The Wonderful Craziness of Afrirampo

Part of my ongoing battle with finding new music I like is that too many of the popular artists today are… normal. Social media has narrowed the distance between listeners and artists, and it’s also exposed that many musicians aren’t mysterious, eccentric geniuses, but are actually fairly well-adjusted people who have a passion for music and a strong work ethic. This has been good for people who like music that speaks strongly to their real-life situation, but for me music has always been a means of escape from my sometimes painfully boring life. This might be why I tend to gravitate towards artists that are very different from myself — women, crazy sonic geniuses, aggressive punk rockers, etc.

My craving for this kind of weird escapist music eventually took me away from the US entirely, all the way to Japan, which for years now has been known for a thriving noise-rock scene. My favorite band from there so far is Afrirampo, a duo comprised of Oni on guitar/vocals and Pikachu on drums/vocals. They play a style of rock music that simply doesn’t exist in America, a combination of gleeful Slits-like punk, Sonic Youth noise, poppy intertwining vocal melodies, occasionally nonsense lyrics, and garage rock riffing. They also incorporated some African influences after the two went to Cameroon and lived with pygmy tribes in 2004. Frequently, all of their varied influences were present in a single song, some of which spread over several maniacal minutes.

Afrirampo appeals a lot to me because they’re just so out there compared to the kind of artists you’re likely to be exposed to in the United States, even if you’re a fairly adventurous listener. Nobody sounds like them, or could really even aspire to sound much like them. And while a lot of new music today strikes me as drab, Afrirampo’s music is incredibly exciting and fun. They play with such exuberance that it’s contagious, and it’s hard not to be in a good mood listening to them. A lot of people will surely find their roller-coaster style unlistenable, but nobody can ever call them boring (which I think is the worst thing music can be).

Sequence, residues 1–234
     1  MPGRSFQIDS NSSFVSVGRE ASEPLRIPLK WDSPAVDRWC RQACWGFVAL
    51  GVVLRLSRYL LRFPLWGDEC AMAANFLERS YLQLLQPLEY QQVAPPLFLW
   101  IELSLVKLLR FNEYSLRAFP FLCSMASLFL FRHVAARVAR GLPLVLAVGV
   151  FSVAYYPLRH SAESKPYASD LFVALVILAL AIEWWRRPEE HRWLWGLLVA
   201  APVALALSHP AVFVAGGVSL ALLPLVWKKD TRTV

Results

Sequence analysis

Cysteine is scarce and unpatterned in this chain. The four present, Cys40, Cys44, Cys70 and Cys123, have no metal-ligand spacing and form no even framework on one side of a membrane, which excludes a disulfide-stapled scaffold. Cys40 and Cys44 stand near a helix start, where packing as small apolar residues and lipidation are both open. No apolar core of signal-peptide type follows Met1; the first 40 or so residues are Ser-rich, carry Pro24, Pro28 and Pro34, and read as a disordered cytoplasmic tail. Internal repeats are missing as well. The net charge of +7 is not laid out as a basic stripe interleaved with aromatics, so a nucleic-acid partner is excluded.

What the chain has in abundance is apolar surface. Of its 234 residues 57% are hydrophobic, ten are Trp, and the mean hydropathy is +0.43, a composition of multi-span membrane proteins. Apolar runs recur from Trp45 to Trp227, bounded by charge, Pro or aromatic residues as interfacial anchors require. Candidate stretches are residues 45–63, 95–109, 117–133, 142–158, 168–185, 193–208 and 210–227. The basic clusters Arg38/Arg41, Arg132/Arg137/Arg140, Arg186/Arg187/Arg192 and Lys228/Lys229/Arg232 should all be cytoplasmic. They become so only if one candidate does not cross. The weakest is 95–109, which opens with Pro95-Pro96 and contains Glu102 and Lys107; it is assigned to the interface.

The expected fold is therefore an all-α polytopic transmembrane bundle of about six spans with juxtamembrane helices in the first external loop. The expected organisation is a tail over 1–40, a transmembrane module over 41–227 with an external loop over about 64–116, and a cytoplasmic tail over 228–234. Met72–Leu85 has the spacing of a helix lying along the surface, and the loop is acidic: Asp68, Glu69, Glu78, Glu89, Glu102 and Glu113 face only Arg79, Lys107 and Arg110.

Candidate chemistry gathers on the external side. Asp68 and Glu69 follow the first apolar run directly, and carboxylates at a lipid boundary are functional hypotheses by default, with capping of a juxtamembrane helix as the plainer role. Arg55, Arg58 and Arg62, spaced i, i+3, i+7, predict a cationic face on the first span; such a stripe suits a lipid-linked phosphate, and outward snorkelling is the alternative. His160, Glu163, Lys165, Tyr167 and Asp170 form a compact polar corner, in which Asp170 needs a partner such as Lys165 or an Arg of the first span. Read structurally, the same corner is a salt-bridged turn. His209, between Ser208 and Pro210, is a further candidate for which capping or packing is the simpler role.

Afrirampo were initially known for their aggressive noise-making tendencies when playing live, but on their albums they display a wider range of sounds, with some quieter ethereal moments and psychedelic passages to go along with the bursts of noise and adrenaline. All of their varied styles coalesced on what I consider to be their magnum opus, the 2010 double album We Are Uchu No Ko, which was released just a month before the band chose to break up. In its 80 minutes, the album seems to have every element of rock music imaginable. It has three songs that stretch over the ten minute mark, and most of disc two is one long piece that is split into five different parts. It’s psychedelic, crazy, and fun, and a perfect introduction to Afrirampo’s unique style.

Most of Afrirampo’s music isn’t available on Spotify or other free sites, but it’s worth seeking out if you enjoy music that is a bit weird. I’ve linked one of my favorite songs by them below.

Lotus Plaza – “Spooky Action at a Distance”

Atlanta indie-rockers Deerhunter initially gained notoriety for frontman Bradford Cox’s flamboyant personality, wild stage antics, and experimental pop songwriting. But while Cox has always dominated the headlines for the band, their most recent album, 2010’s Halcyon Digest, showcased their secret weapon: guitarist Lockett Pundt, who stepped out of Cox’s shadow and produced the best song on the album with “Desire Lines,” a 7-minute spacey shoegaze centerpiece that managed to sound epic without really trying.

Spooky Action at a Distance is the second album Pundt has released under the Lotus Plaza moniker, and it’s about what you would expect from the guy who penned “Desire Lines”: non-stop guitar jams that make skillful use of repetition to turn tunes that seem like they should be ordinary into epic, surprisingly catchy rock songs. Deerhunter fans like me that prefer their anthemic guitar-rock side to their bedroom pop side are sure to love it, and it’s probably my most listened-to album of 2012 so far.